Misleading and deceptive conduct and passing off
If a celebrity image is used in such a manner that it misleads or is likely to mislead or falsely represent to consumers that a celebrity is endorsing a product or has a commercial arrangement in place with the company advertising the product, there may be remedies under the Australian Consumer Law or under common law for “passing off”.
In the case of Buttrose v. Senior’s Choice (Australia) Pty Ltd (2014) FCCA 2156, Ita Buttrose successfully sued the magazine for unlawful use of her biography and photograph. Ms Buttrose had previously supplied these to the magazine for a television commercial but the biography and image were used on the magazine’s website without her consent. In addition the use of the photograph was held to be a copyright infringement. The magazine was found to have engaged in misleading and deceptive conduct and passing off. Damages were awarded of $225,000 to Ms Buttrose personally and $200,000 to Ms Buttrose’s company in addition to indemnity costs.
What rights do you retain when you use social media?
The same legal principles referred to above apply on all media platforms, including social media. However, social media also presents some unique issues given the speed that information is disseminated, the lack of control over online content and the “contracts” which users sign up to with social media companies.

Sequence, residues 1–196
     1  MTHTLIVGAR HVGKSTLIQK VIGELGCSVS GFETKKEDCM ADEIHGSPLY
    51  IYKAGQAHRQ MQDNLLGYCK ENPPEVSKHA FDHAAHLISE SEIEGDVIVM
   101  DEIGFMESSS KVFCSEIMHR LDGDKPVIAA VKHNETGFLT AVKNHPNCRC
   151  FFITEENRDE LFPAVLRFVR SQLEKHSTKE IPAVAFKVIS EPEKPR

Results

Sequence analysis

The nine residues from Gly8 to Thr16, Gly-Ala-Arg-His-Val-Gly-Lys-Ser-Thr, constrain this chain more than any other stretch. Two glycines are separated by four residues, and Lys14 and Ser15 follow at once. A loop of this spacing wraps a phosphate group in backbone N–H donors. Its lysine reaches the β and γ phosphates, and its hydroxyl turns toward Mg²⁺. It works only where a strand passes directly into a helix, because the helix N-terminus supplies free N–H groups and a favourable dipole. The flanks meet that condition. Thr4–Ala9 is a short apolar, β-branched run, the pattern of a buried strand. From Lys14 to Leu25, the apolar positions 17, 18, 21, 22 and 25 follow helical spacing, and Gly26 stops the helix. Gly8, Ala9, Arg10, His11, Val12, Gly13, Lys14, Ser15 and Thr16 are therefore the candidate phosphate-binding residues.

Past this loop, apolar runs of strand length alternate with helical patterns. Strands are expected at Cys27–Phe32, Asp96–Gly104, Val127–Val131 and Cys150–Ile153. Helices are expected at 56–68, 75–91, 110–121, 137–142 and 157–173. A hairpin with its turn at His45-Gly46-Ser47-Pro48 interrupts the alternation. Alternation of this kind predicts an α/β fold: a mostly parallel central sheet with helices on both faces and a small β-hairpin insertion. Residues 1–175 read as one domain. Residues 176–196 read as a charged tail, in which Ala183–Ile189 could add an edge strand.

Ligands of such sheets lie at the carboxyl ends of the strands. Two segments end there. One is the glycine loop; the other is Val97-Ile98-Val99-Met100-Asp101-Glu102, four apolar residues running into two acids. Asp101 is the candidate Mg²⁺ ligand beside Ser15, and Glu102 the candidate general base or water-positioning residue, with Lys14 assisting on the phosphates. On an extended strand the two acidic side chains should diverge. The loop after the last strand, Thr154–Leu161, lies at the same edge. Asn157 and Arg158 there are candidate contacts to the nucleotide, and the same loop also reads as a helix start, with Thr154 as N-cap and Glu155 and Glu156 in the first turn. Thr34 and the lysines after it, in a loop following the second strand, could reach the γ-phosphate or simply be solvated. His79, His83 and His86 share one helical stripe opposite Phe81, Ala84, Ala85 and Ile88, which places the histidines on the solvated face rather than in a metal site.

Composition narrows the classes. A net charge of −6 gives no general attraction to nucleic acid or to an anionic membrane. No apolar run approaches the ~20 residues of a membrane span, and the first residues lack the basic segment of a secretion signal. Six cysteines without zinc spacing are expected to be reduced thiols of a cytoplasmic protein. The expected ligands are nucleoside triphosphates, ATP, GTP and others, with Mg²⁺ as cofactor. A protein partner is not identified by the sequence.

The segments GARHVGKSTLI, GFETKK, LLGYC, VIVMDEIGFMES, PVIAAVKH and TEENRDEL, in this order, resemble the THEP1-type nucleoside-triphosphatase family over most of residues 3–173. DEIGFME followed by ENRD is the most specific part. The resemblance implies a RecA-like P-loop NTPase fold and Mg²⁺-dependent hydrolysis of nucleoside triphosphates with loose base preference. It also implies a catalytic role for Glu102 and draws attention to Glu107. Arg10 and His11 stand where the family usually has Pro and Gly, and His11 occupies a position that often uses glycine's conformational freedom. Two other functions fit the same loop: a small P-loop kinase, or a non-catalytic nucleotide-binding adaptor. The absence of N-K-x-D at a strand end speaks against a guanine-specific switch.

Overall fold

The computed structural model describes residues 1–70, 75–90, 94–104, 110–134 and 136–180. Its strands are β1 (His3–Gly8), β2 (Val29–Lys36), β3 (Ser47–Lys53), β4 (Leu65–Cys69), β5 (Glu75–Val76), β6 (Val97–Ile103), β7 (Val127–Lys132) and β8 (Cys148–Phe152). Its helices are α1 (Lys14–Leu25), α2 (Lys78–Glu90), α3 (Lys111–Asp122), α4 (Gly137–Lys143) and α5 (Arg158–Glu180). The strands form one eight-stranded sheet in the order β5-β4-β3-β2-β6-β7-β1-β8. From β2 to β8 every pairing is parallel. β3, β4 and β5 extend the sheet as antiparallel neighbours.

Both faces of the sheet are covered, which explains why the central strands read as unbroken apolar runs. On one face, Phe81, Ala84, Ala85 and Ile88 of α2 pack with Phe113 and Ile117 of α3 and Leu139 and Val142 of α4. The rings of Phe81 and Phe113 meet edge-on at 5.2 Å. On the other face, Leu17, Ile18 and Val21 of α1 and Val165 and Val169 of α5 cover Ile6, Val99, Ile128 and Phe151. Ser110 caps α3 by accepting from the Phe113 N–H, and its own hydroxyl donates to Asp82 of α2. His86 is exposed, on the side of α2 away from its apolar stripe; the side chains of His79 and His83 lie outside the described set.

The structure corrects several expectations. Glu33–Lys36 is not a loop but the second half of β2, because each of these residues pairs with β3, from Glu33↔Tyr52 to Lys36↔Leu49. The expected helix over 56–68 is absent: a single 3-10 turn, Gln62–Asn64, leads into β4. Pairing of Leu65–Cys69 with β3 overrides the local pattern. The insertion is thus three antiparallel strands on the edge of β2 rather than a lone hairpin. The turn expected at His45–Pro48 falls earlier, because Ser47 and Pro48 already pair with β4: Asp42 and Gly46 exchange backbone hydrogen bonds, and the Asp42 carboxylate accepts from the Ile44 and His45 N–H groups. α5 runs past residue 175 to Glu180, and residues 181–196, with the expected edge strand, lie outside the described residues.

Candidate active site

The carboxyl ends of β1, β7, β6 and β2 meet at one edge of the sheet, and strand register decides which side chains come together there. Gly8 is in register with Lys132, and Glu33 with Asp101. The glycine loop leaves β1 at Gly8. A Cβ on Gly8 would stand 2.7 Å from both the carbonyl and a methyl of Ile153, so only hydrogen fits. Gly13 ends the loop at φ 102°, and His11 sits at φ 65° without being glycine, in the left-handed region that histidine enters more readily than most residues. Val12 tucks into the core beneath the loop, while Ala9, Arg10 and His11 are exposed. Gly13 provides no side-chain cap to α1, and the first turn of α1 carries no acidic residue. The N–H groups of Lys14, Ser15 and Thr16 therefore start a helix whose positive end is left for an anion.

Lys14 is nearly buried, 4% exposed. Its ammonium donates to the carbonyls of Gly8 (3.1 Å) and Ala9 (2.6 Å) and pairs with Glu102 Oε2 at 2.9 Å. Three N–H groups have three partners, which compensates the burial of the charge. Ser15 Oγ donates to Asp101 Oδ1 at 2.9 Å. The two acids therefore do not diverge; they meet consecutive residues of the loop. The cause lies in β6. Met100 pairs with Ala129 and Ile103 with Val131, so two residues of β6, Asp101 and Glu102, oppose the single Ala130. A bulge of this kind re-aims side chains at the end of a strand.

When you sign up with “Facebook” or “Instagram”, you grant a non-exclusive, transferable, royalty-free, sub-licensable, worldwide licence to use any content that you post on these sites. “Twitter” have even greater rights to modify and adapt any image that you post on their site. Whilst these sites are also available to USA residents who would be bound by the same licences, persons posting images rely on other rights to protect their images.
Ms Sofia Vergara, who is a USA celebrity famous for her role in the television program “Modern Family”, posted a “selfie” of herself on social media which was later re-published to promote a massage treatment cream without her consent. Ms Vergara filed a lawsuit claiming that she would never have consented to her image being used to promote the product in question and would not recommend the product at all. She was reported by ABC News on 27 January 2016 to be claiming $15 million US dollars in damages. This is despite the fact that Ms Vergara posted the photograph herself in the public domain. Because the USA recognises the ownership of her own image, only Ms Vergara may determine when and where her image is used.
What does this mean for advertisers and celebrities?
While the image of a celebrity in Australia is more vulnerable and difficult to protect than in overseas jurisdictions, celebrities can still protect their image by relying on a range of legal remedies. Advertisers must ensure that they have a contract in place with a celebrity to promote their image which clearly sets out the terms on which material can be communicated to the public, including the duration of consent, the forms of media in which the material can be promoted and the jurisdiction.
Author: Jacqui Rigby-King
The information in this publication is of a general nature and is not intended to address the circumstances of any particular individual or entity. Although we endeavour to provide accurate and timely information, we do not guarantee that the information in this newsletter is accurate at the date it is received or that it will continue to be accurate in the future.